Do you share parenting responsibilities with your child’s other parent? If so, you probably cherish the time you get to spend with your child. While it may not be as much as you would like, you understand that every moment is one that can be enjoyed and used to foster a healthy relationship between your child and yourself. This is especially true around the winter holidays as families around the world gather to spend time together, often sharing in large feasts and day-long celebrations.
For better or worse, alcohol is often a component of holiday celebrations for many families, and, for the most part, beer and wine create relatively few problems. In some cases, however, overindulgence and abuse of alcohol can present a serious danger to your child, possibly leading to the restriction of your parenting time during the winter holidays.
Avoid Drinking to Excess
If you choose to drink during in front of your children during holiday celebrations, be sure to do so in moderation. As an adult, you have the right to enjoy a few glasses of wine or a champagne toast in the company of your friends and family. Drinking to excess, however, can be very dangerous, as drunken behavior can often be unpredictable and, possibly, frightening to your child. If overindulging in alcohol makes you louder and argumentative, limit yourself to a drink or two or avoid drinking altogether while your children are around.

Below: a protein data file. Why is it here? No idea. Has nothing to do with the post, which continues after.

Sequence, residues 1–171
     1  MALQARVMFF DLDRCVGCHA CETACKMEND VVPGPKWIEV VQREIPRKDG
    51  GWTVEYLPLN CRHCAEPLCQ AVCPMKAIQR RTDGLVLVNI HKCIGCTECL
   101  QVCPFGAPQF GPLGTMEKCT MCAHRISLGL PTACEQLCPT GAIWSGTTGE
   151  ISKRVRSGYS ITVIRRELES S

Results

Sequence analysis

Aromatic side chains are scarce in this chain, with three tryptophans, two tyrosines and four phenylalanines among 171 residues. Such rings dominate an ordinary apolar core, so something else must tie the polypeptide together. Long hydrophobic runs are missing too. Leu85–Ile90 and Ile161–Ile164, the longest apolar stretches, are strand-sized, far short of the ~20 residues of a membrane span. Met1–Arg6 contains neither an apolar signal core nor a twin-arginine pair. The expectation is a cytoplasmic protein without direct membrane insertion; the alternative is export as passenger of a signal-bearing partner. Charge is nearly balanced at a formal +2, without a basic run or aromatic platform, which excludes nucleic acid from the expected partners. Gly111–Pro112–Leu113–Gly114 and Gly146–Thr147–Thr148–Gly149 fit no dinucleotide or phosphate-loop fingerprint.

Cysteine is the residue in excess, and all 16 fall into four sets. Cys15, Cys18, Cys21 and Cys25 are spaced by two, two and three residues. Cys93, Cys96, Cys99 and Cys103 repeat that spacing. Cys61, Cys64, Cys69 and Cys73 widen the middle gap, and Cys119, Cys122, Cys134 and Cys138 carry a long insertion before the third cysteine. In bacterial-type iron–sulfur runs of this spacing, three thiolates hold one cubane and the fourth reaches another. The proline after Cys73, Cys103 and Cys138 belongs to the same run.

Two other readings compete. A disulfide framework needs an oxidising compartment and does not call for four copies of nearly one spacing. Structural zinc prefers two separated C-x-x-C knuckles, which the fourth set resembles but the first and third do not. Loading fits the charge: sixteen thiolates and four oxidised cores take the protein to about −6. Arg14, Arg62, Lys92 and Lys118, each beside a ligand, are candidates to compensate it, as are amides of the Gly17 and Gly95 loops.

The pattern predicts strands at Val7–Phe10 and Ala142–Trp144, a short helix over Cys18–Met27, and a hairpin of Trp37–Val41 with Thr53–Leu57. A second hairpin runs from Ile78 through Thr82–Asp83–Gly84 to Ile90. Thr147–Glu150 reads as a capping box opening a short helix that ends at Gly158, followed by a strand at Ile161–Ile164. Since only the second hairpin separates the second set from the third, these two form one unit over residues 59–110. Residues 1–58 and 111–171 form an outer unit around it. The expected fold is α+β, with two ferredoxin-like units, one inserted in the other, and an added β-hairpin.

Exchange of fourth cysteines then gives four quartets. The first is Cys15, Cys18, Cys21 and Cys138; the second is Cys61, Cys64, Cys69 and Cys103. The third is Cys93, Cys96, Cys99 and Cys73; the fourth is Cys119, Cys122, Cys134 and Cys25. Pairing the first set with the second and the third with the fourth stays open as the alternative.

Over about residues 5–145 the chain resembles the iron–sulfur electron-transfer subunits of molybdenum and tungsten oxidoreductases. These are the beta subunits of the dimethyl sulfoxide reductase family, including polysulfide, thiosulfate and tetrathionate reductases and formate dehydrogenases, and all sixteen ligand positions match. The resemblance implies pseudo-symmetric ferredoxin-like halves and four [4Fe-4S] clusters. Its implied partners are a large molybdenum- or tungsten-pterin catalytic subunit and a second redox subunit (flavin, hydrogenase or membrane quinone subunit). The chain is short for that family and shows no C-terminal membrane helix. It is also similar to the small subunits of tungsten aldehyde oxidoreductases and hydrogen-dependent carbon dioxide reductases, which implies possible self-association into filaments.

Under no circumstances should you even consider drinking and driving with your children in the car. The risks are simply too great. Not only could you be pulled over for driving under the influence, but you risk causing a serious accident that could severely injure or kill your children.
Restriction of Parenting Time
Illinois law allows a court to restrict or limit the parenting time of a parent who is found to present a serious danger to his or her child’s physical, mental, emotional, or moral health. If you have a history of getting drunk at holiday parties and endangering your children, you could be at risk for restricted parenting time. The court has the power to order you to abstain from drinking prior to and during the time with your children, as well as to order that you can only see your children under the supervision of another person. While such restrictions could put a damper on your holiday plans, the court is primarily concerned with protecting your child’s best interests.
Working Through a Restriction of Parenting Time
If your past behavior has led the court to restrict your parenting time, an experienced Orland Park family law attorney can help you understand what your next steps should be. Call 708-518-8200 to schedule a free consultation at Kezy & Associates today and get the quality legal representation you deserve.